Before I moved to Toronto for school I spent the summer doing “Montreal” things. As any self-respecting Montrealer would, I dreaded the thought of living in Toronto. So before I left I embarked on a mission of sorts to fortify my Montrealness. One of my destinations was the Biodôme, a museum that recreates some of the ecosystems of the Americas namely the tropical forest, the Laurentian forest, the St. Lawrence Marine ecosystem, and the Arctic and Antarctic. There’s nothing particularly “Montreal” about the Biodome except that is one of our major tourist attractions. The Biodôme, Insectarium and Botanical Gardens, and Planetarium, are part of what is called the Montreal Nature Museums and are operated by the city. Having an affinity for animals I’ve been to the Biodôme several times in the last few years but it’s been a while since I’ve visited either the Insectarium or the Botanical Gardens.
I visited all three museums on a double date. Going to a museum with a group of friends is very different from going alone. You spend less time at each exhibit, skimming more and reading less. It becomes more of a social activity than an educational one, but the learning potential is still there as each person picks up tidbits and shares with the group. As the “museum person,” I find myself wanting to explain the museum, apologize for its shortcomings, point out what people missed. Going with non-museum friends reminds me that the general public doesn’t see the museum content the way we expect or hope that they will. What I find scary, and frustrating, is when people use exhibits as an opportunity to misinform their friends or family. I’ve often seen visitors position their opinions as facts, and said “facts” in opposition to those presented by the museum. Not that a museum’s authority can’t be questioned, it can and should, but it’s frustrating to watch parents use a museum’s exhibits to provide their children with unfounded information.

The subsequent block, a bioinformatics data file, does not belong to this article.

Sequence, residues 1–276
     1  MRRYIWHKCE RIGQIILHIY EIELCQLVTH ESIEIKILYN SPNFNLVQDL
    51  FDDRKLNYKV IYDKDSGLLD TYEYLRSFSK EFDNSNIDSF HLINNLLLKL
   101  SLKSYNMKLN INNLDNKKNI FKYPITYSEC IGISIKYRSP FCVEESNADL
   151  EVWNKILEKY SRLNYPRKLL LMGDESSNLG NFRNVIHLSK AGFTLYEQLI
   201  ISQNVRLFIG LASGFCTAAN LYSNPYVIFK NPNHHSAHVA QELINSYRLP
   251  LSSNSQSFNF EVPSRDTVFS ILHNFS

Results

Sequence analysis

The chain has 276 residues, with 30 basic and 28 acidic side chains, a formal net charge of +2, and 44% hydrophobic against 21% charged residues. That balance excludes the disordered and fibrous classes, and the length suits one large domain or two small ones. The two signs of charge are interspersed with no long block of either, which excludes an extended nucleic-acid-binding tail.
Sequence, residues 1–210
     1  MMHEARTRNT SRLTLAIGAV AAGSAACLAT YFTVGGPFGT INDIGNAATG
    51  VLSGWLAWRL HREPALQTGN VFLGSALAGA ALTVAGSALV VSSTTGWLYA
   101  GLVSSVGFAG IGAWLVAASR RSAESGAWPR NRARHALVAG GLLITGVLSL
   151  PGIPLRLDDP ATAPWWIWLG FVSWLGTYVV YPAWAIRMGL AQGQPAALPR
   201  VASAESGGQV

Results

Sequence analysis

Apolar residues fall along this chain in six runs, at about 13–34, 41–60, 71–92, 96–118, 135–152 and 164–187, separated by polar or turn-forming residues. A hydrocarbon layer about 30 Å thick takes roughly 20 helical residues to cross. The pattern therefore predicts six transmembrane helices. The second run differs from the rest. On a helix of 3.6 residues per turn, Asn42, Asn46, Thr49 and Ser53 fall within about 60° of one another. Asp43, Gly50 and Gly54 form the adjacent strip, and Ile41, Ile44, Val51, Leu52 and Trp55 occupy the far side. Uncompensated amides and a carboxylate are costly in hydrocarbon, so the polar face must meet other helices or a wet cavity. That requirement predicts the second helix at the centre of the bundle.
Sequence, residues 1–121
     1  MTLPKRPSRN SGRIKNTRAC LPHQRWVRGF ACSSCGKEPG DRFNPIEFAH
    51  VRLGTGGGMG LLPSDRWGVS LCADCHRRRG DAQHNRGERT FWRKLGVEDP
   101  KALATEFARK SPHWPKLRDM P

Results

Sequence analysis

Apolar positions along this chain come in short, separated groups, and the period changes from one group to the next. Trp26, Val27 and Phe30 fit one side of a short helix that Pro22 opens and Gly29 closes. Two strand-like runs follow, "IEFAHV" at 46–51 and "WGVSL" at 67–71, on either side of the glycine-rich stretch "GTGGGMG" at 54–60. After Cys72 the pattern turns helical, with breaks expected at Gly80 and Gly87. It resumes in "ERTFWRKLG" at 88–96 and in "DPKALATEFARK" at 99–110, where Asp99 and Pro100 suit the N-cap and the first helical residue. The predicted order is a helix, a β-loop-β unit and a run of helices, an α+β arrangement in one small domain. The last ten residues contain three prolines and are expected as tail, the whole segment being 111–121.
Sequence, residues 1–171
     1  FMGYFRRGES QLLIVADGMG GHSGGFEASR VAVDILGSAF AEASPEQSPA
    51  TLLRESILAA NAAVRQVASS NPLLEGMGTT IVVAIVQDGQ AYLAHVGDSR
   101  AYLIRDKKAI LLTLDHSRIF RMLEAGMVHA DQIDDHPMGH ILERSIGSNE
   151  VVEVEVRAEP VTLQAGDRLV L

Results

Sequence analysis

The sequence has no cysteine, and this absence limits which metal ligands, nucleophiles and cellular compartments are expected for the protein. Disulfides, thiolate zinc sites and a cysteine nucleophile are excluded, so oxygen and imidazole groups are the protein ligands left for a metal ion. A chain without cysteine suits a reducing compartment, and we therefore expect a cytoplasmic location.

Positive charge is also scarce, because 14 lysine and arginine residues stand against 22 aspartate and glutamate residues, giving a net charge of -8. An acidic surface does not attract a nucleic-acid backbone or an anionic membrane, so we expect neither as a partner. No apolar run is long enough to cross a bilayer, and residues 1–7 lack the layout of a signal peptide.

Since the Biodôme consists of habitats, there are no displays to change, no new exhibits. One new addition was an orange plastic caiman above the caiman habitat. A text panel reads: “Want to make a wish? Before you do, you should know that our caimans happily gobble anything thrown into their basin.” Visitors are asked to instead make a wish and throw a coin down the plastic caiman. Money goes to fund environmental projects in line with the Biodôme’s mission. It can be difficult to navigate a museum, albeit the Biodome does not feel like a museum, and most signs tell visitors what they can and cannot do without an explanation. I thought that it was refreshing to see that the museum is explaining to people why their actions are harmful and instead is offering a preferred and beneficial alternative.
All three institutions offer many didactic opportunities, but what they offer for casual visitors is simply an opportunity to look, to see specimens that we wouldn’t ordinarily be able to see in person. They offer us the wondrous and the fantastic although with less than ideal text panels and bad English translations.
10 down. 22 to go.